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Recovery and Regeneration for Long-Term Athlete Development
Angela Calder
“Recovery is what you do between training sessions and races so that you can train hard and perform well at the next session” Cross country skier
Recovery is an Important Training Principle
The main role of recovery is to help athletes adapt faster to training. This is done by reducing fatigue so athletes can “bounce back” and be ready for the next session or event. This process is a critical step in the “overcompensation” model (Figure 1). Recognizing Fatigue Prescribing training loads is a complex matter and coaches and athletes spend considerable time developing appropriate programs to suit both the developmental stage and performance level of an athlete. However, identifying fatigue from different types of training and stress tends to get much less attention and may even be overlooked by both the coach and athlete. A good coach understands not only what is being stimulated but also what is being fatigued. There are several categories of training and competition fatigue for coaches and athletes to consider (Table 1). If the coach can recognize the main causes of fatigue and the corresponding expressions of these in the athlete, then specific recovery and regeneration strategies can be selected to deal with this fatigue. Recovery and Long-Term Athlete Development Human growth, maturation and training experience underpin Balyi’s Long Term Athlete Development model. These factors have a critical bearing on the developmental stages of athletic adaptation and trainability. Chronological age is a poor indicator of individual development especially for adolescents as there is great individual variability in the rate of growth and maturation during puberty. The rapid changes that occur physically, cognitively, socially and psychologically during adolescence are a golden opportunity for the coach to provide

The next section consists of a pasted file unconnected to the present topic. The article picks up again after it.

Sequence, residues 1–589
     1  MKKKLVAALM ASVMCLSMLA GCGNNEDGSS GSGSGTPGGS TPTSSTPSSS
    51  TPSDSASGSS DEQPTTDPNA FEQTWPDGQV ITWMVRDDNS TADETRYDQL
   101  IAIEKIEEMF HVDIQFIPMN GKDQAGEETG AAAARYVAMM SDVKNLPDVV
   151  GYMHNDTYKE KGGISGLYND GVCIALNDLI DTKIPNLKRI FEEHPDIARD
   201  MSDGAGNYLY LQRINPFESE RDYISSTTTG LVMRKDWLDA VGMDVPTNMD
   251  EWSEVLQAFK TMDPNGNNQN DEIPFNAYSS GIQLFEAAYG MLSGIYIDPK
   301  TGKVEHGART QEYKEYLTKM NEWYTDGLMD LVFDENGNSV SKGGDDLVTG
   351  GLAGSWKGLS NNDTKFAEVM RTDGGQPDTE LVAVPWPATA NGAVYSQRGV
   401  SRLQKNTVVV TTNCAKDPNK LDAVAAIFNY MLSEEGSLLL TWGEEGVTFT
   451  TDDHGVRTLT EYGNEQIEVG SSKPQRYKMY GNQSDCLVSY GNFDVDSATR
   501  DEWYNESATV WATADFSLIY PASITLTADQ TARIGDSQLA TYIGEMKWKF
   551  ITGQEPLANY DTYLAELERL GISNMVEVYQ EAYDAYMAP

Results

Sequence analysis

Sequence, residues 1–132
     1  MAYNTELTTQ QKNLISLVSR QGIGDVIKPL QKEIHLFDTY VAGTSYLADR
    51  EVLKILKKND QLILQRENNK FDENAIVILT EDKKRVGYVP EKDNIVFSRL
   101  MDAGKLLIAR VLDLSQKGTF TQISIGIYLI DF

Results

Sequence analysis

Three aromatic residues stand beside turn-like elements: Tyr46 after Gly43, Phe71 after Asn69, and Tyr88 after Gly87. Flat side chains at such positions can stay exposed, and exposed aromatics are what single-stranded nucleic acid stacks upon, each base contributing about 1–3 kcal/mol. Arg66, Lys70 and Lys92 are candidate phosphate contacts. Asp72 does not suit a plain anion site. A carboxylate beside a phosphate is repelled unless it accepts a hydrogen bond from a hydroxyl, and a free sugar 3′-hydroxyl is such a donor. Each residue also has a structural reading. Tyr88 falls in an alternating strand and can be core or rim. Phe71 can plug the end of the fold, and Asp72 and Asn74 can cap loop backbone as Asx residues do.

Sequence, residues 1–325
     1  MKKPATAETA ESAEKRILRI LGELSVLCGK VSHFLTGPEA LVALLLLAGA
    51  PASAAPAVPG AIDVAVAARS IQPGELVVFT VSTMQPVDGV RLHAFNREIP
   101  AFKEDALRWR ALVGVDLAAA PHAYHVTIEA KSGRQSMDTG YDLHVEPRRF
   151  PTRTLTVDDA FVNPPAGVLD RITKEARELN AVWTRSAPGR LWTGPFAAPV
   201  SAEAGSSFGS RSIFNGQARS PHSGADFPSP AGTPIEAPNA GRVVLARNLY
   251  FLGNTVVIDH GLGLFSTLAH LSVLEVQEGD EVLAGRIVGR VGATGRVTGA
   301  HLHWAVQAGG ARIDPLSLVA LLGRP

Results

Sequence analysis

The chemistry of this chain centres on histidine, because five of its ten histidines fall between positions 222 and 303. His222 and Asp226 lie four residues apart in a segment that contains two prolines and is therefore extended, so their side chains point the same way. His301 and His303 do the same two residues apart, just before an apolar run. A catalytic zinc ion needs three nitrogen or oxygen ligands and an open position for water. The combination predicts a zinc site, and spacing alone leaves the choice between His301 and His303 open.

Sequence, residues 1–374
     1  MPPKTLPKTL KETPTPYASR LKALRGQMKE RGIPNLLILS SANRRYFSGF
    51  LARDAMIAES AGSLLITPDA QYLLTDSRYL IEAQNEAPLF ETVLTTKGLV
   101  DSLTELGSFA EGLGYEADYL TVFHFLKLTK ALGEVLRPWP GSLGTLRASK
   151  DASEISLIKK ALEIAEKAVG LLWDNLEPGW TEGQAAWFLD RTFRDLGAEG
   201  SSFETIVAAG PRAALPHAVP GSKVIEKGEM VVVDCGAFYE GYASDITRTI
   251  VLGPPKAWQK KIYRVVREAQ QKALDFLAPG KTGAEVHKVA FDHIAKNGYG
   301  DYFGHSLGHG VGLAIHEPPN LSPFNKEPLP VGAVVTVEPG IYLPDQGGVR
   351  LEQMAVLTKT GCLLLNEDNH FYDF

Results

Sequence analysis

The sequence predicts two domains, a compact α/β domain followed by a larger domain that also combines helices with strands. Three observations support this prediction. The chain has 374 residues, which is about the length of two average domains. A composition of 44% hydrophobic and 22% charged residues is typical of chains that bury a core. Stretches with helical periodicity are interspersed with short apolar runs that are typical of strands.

adaptation work

training fatigue

accelerated recovery

Figure 1: Overcompensation Model: The Principle of Recovery

Both work and recovery are very important stages of the adaptive process. Without the appropriate training stimuli there would be no improvement in performance and no resulting fatigue. To maximize the receptivity for athletes to learn, adapt, and improve, it is important for them to aim to begin any training session or event in a non-fatigued state.

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Active Start
Males & Females 0 - 6 yrs. Fun and varied activity everyday.

athletes with an optimal training base for their sporting future. However, if these developmental stages are handled poorly through inappropriate training and planning, this opportunity can be lost and result in a restricted training base that limits the long-term potential of the athlete. In worse case scenarios poor training during these years may result in gifted athletes experiencing problems like overtraining, overuse, and burnout. Consequently the coach is challenged to maximize adaptation by balancing training loads with appropriate recovery strategies to suit the individual needs of athletes. This can be achieved by teaching athletes about two concepts: 1. Monitoring Recovery: “How to listen to your body” (Identifying specific fatigue and the type of recovery needed) 2. Recovery Management: “How to look after yourself” (Planning and using recovery strategies) These two concepts apply to every athlete at all stages of development and sporting experience as both are linked closely with the long-term training adaptations identified in Balyi’s model. Monitoring athletic performance and fatigue provides a measure of the effectiveness of training and can forewarn of potential adaptation problems. Consistent and systematic monitoring enables the coach to identify specific recovery strategies relevant to the maturation level, training stress, and lifestyle of the athlete.

Males 6-9, Females 6-8 yrs. Learn all fundamental movement skills, play many sports, focus on agility, balance, coordination and speed.

Learning to Train
Males 9-12, Females 8-11 yrs. Learn overall sport skills as cornerstone of many sports. Play a variety of sports and develop specific skills in three.

Training to Train
Males 12-16, Females 11-15 yrs. Build endurance, develop speed and strength towards the end of the stage. Improve sport specific skills. Focus on two sports.

Training to Compete
Males 16-23 +/-, Females 1521 +/- yrs. Optimize fitness preparation and sport, individual and position specific skills. Learn to compete internationally. Focus on one sport.

1. Monitoring Recovery “How to listen to your Body”